25 June 2018, Monday, 20:28
Categories

Blocking of Charter Was a Cold Shower for Lukashenka Lobbyists

23

Editor-in-chief of Belarusian Charter'97 says on clearance of informational field for Russian invasion.

A close, even superficial acquaintance with the real functioning and logic of the daily life of Belarus and the problems it comes across with leaves the people who are not familiar with Belarus bewildered, causes difficulties with understanding of the Belarusian reality. This especially concerns those who live in the coordinates of the Western democracy. The most common feeling here is the feeling of co-existence of two parallel realms. There's the state and its formal components, formal communities and organizations. Herein, the state arranged a whole separate reality and life conditions for the non-official opposition. The state made it impossible for the oppositionists who actively disagree with Lukashenka to access politics, the voters.

The opposition media, and thus the ideas, criticism and analysis from the "wrong" point of view have no way to the mass reader; and the working conditions, whether the media will go public or not, is decided by the authorities. The authorities even decide which musicians should be allowed/prohibited to perform in their own country. In the country which is Lithuania's neighbor, all branches of government, control over finances, media, security agencies are tied to one person, who determines the extent of everything in Belarus.

The functioning of the tough system which is not naturally formed but artificially created by Lukashenka is implemented and ensured by the servants, officials loyal to the system, and other participants of the process of pursuing the governmental policy. The country has all the tools of a modern state - the media, professional unions, youth organizations etc. And those who are absolutely unfamiliar with the force method of the state management here, may have the wrong impression: a normal country, everything is here, some democratic institutions sort of exist. Moreover, under the scheme, formally everything in Belarus complies with the principles of a democratic structure. But this is the wrong impression. And here is why.

Apart from the mentioned structures, the officially unrecognized political and intellectual opposition not only to Lukashenka, but to the mentality formed by the state monopoly in all the spheres of life, simultaneously exists in the country. The opposition also has parties, analysts, organizations, media. However, the opposition politicians, civil and cultural activists, professional organizations and experts are limited by the authorities in everything. They are watching them, and control all dissidents totally at the level of the special services, decide on their destiny.

The guilty of the murders and disappearances of businessmen and politicians, once real rivals of Lukashenka, remain unfound. The state can also always show official grounds for searches, confiscating anything, detaining, imprisoning, depriving of freedom anyone whom it considers a threat to itself. This applies to all, for example, in 2010 the authorities brutally dispersed a demonstration of those who disagreed with the falsification of the results of the presidential election results, which Lukashenka invariably "elegantly" wins. The number of victims, brutally beaten by security forces and imprisoned, including ex-presidential candidates, gives a good reason to call the events of December of that year a bloody massacre over own citizens.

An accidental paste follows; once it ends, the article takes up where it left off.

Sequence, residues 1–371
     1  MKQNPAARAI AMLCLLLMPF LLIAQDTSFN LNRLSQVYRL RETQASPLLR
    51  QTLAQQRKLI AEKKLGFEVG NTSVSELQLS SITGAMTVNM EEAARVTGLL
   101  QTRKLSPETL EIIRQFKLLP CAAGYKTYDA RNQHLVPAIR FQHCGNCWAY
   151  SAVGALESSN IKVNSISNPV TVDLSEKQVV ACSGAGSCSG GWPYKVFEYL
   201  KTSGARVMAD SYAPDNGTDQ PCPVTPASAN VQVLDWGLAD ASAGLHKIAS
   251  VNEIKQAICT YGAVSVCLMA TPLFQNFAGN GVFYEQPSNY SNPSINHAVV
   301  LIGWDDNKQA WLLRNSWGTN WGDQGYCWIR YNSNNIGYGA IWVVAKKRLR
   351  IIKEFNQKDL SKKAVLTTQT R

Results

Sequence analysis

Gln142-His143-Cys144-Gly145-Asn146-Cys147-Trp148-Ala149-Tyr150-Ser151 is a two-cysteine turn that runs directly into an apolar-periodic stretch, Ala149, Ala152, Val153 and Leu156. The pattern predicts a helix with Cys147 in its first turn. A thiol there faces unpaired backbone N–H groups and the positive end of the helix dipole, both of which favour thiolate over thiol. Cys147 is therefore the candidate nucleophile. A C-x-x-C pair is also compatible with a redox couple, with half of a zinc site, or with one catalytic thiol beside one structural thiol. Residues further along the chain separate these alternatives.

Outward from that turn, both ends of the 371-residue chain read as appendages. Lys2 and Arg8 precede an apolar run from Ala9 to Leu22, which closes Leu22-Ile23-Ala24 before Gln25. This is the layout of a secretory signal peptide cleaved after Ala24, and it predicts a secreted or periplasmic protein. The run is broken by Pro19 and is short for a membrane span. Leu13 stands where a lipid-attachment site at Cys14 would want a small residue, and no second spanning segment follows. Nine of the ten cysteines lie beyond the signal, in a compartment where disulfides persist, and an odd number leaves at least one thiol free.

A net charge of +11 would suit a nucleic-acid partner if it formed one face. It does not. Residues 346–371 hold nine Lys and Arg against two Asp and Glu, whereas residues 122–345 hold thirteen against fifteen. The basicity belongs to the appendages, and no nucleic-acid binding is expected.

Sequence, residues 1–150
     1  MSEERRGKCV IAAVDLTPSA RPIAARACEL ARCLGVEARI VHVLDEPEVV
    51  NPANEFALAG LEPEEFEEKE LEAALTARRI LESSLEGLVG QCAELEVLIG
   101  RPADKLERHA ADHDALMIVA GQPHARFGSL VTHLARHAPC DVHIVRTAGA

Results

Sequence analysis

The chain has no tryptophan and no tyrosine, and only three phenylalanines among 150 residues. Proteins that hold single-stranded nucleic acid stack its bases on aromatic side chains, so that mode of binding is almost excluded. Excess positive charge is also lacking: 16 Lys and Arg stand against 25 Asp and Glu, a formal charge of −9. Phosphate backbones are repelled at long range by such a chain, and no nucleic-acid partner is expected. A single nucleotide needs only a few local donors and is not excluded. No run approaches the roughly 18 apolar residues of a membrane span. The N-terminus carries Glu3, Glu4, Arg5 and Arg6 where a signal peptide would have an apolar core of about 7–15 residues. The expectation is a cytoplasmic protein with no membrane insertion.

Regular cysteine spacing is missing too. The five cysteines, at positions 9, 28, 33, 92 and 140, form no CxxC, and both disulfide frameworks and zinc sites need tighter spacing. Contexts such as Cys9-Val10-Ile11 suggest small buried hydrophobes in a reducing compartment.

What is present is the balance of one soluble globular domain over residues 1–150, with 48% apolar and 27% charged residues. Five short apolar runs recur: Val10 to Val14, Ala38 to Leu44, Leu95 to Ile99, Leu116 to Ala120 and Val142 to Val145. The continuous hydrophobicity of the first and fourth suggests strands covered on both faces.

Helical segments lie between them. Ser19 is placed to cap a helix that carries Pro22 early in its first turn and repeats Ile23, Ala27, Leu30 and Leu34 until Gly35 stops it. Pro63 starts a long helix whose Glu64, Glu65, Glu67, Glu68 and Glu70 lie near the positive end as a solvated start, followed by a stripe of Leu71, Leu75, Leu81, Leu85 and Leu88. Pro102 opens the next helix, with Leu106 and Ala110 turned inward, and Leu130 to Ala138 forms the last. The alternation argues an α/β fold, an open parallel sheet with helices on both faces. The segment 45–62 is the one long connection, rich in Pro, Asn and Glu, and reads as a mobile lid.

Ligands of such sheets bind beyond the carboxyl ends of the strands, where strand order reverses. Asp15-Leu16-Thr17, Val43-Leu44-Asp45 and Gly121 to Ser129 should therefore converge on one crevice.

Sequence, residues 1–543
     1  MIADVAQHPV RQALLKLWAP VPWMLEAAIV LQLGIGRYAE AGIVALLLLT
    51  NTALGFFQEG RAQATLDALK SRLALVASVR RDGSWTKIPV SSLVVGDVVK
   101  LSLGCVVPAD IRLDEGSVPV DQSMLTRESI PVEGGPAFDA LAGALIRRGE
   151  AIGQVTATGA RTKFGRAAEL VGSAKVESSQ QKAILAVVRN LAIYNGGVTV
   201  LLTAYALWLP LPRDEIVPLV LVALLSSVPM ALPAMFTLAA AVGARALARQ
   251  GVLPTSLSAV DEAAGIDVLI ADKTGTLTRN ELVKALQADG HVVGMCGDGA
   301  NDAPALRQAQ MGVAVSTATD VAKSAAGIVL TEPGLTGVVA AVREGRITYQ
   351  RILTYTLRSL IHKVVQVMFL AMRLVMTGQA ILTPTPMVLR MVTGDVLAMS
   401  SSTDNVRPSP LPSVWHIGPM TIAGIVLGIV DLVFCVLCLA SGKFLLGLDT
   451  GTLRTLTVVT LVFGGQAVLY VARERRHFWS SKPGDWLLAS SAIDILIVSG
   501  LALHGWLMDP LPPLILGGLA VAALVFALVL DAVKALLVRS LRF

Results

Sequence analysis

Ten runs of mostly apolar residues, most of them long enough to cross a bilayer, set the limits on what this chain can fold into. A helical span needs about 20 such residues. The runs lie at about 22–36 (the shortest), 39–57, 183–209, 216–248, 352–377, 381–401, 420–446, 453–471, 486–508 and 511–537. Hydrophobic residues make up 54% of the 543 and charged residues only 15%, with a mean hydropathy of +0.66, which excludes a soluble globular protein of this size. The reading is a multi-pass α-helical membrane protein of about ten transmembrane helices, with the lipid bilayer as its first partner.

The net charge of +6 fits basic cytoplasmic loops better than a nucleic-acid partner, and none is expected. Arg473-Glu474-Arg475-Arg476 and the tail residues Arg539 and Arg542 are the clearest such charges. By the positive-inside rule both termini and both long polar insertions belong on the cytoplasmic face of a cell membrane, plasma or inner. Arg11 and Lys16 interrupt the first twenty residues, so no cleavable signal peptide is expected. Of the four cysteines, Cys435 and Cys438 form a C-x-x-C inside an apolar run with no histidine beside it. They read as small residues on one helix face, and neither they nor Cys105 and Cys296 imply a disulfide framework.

The authorities determine the process and the result of investigations and court proceedings, they decide where, in which conditions and for how long a political prisoner will be jailed. Moreover, the authorities decide where and under which conditions a citizen can live in Belarus in general, put pressure on own citizens which humiliates their human dignity and questions the possibility of their existence. Real ousting of people out of the country is going on, as they are deprived of the opportunity to earn for living in principle.

And Charter'97 is a visual example of this. The latest and most prominent demonstrative blows were dealt to the independent media. First, they destroyed the opposition resource Belarusian Partisan, founded by Belarusian journalist Pavel Sheremet, who was killed in Kyiv. And more recently, the access to the largest opposition portal Charter'97 was blocked for its audience in Belarus.

The blocking of the website continues to this day. Probably, at the moment, this website was the only major platform for extremely critical and sometimes radical comments and discussions. Lukashenka is labeled as a dictator or ruler in the materials of Charter, most official institutions are referred to using inverted commas. The selection, content and presentation of news, articles and comments clearly formulate the position and direction of the website. With respect to the current authorities, a clear position is read: Lukashenka is evil, he must leave, the revolution is not excluded.

Criticism and rejection of the regime in Belarus cost a lot to the website's Belarusian journalists. In his time, Editor-in-Chief of the media Aleh Biabenin was found hanged. His colleagues are convinced that he was killed. Current Editor-in-Chief Natallia Radzina was arrested in 2010 and was held in the KGB isolator of Belarus; later, while at large, she secretly left the country, because it was not safe for her to stay in the country. The resource was deprived of the possibility to exist, and journalists at any time could be subjected to pressure, repression and the threat to their own security. For some time the Belarusians worked in Vilnius, then Warsaw accepted them.

The content of the site speaks about its pro-Western priorities, understanding of integration into the EU and NATO as the main way of development of Belarus, a positive evaluation of the US policy. It is interesting, why is it wrong to think about the possibilities of developing your country differently from the government? In addition, Charter'97 is a source of sharp criticism of the Kremlin's policy and calls to get rid of the Russian dependence. And the information from Ukraine and its presentation does not fit into the picture of pro-government Belarusian media. Consequently, such a view of objective reality potentially reaches the Belarusian reader, causing unnecessary doubts in the authorities. At the same time in Belarus, the media broadcasts a pro-Russian viewpoint, values, and the Russian propaganda with some local variations.

Probably, speaking about this resource, it is very important to stress that the aim and the sense of the existence, the very work of journalists in the current conditions Charter'97 (apart from the objective in the resource's understanding and operative work on informing) sees in a struggle. Not everyone accept their position, rhetoric, criticism, but, as Grebenshchikov used to sing "Is this the reason? Untie my hands."